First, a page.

I’ve written a lot about raw pet food in the past. Initially, the concerns were about Salmonella, since raw fed dogs and cats have high rates of shedding Salmonella, can get sick from it and owners can be infected (from the pet or cross-contamination from the food…always hard to sort that out).
More recently, I’ve been concerned about multidrug resistant E. coli and related bacteria. I think this may be a much bigger but insidious risk. Eating a raw diet has been shown in a few studies to be a major risk factor for fecal shedding of highly antibiotic resistant bacteria, particularly extended spectrum beta-lactamase (ESBL) producing bugs.
Yet, there are various other issues. A recent paper in the journal Epidemiology and Infection (Kaindama et al) describes a cluster of human E. coli O157 infections in the UK that was linked to raw pet food. This strain of E. coli can cause serious illness in people, including hemolytic uremic syndrome, which can be fatal. The bacterium can be found in the gut of food animals (mainly cattle) and can therefore sometimes contaminate meat.
In this cluster, 4 people infected by a similar strain of E. coli O157 were identified.
- They got sick within a one-month period in 2017.
- I’m guessing three were 6 year old kids, based on the median and age range provided in the paper. The burden of zoonotic diseases often falls disproportionately on kids.
- Three of them were hospitalized, and one died.
During the investigation, no typical sources of E. coli O157 exposure were identified. The only commonality between cases was all had contact with dogs and a history of consuming raw carrots. Three of affected people had been exposed to dogs fed a raw meat diet, two of which had received tripe from the same supplier. The other person’s dog was not fed a raw meat diet but had contact with another dog that was fed raw meat.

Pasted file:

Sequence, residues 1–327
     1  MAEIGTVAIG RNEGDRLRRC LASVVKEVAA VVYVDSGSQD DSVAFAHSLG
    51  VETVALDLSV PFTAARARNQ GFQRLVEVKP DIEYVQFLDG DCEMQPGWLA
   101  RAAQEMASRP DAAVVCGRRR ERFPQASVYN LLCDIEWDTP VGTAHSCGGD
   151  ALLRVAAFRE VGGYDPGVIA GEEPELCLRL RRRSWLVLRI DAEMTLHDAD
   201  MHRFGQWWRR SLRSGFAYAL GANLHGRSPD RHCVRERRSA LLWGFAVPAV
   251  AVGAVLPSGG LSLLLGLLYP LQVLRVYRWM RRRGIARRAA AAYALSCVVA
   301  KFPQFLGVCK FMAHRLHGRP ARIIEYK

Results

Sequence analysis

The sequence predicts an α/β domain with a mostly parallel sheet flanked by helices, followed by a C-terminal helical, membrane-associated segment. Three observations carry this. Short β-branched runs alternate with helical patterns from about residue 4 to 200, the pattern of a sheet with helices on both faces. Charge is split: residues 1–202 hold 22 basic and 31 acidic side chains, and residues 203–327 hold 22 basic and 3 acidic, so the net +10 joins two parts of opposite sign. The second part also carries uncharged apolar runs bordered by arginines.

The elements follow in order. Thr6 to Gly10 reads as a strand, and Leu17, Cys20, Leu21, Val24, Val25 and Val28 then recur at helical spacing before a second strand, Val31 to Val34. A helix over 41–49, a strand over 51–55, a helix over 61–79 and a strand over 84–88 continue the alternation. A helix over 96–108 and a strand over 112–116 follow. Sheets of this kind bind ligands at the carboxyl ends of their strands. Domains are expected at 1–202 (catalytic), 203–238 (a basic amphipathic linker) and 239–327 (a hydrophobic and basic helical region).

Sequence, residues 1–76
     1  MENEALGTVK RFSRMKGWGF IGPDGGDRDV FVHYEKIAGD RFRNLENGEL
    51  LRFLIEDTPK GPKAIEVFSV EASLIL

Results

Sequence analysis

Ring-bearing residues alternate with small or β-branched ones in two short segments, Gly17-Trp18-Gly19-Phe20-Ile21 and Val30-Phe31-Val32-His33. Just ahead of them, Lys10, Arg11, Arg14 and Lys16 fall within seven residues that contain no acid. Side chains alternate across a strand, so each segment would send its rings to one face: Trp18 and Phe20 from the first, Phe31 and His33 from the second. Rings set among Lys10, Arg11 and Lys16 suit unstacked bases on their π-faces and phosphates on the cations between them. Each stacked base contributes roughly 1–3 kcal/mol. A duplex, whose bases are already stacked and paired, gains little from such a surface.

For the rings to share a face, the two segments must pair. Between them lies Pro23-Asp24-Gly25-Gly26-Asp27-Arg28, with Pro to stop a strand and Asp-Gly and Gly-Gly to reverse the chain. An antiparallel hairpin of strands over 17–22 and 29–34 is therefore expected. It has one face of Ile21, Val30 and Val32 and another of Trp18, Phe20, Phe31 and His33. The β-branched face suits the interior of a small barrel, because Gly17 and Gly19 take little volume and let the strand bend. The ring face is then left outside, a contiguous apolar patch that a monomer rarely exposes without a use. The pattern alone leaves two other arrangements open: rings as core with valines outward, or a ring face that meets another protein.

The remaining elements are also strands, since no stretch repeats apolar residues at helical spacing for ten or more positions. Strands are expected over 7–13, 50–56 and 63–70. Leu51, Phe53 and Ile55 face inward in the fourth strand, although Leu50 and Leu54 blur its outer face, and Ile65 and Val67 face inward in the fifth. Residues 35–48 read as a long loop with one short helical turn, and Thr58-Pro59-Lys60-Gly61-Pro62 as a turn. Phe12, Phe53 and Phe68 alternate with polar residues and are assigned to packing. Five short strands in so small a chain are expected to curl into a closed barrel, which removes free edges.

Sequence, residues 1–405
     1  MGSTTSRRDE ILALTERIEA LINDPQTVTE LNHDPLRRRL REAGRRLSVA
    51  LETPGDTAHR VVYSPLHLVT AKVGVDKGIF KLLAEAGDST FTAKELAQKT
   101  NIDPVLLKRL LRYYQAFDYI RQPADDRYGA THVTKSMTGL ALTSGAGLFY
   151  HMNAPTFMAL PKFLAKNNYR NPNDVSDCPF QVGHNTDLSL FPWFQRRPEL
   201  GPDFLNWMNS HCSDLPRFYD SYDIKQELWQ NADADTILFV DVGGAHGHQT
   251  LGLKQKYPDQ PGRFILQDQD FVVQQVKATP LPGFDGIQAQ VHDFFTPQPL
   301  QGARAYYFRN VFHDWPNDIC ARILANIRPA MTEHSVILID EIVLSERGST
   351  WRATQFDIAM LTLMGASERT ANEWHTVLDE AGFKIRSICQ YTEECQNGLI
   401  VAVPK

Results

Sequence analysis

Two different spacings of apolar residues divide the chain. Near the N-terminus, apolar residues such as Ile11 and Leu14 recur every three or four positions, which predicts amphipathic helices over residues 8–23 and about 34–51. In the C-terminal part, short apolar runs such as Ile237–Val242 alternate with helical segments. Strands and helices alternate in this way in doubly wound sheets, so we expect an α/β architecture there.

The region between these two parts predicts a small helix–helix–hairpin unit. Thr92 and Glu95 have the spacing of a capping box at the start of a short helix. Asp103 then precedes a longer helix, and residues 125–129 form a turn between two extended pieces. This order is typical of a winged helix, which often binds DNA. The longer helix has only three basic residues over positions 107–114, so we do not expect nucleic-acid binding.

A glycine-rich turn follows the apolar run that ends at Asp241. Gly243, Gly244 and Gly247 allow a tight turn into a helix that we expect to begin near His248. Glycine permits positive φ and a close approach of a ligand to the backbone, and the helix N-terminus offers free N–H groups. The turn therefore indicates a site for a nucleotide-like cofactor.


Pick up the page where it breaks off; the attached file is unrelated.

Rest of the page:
E. coli O157 was subsequently found in raw pet food samples from the affected households. However, different strains were found. That’s not too surprising since contamination will be variable and testing would have occurred well after the food that likely caused the infection was fed. One batch might be contaminated, the next not and the next contaminated with a strain from a different origin. Finding different strains doesn’t round out the story as nicely but it maybe highlights more concern. This wasn’t a one-time point exposure because of some strange event. Contamination of raw pet food with this concerning bacterium might be more common than has been recognized.
Whether these are rare cases or the small subset of diagnosed cases is unclear. This was identified because:
- It was a cluster of infections
- Public Health England does detailed whole genome sequence testing of E. coli O157 isolates
- They have detailed case questionnaires
- They looked for and found a link
Large outbreaks of disease in people involving the same E. coli O157 strain wouldn’t be expected from exposure to dogs fed diets where there’s probably a lot of small batches and batch-to-batch variation. Patterns need to be apparent to flag a potential problem, and sporadic cases aren’t as amenable to that. So, we don’t know if this was an exceptional event (i.e., infections are rare) or whether this was a matter of the right circumstances allowing for rare diagnosis of a more common problem.
My personal opinion here is based on seeing enough sick pets and people from raw diets. I don’t like to see them fed. That’s particularly true in households with people or animals that are at higher risk of severe disease (young, old, pregnant, immunocompromised). There are ways to reduce the risk, both in terms of products that are purchased (e.g. high pressure pasteurization likely reduces the risk a lot but doesn’t eliminate it) and how raw diets are handled. More information about feeding raw diets and reducing the risk is available in our Resources section.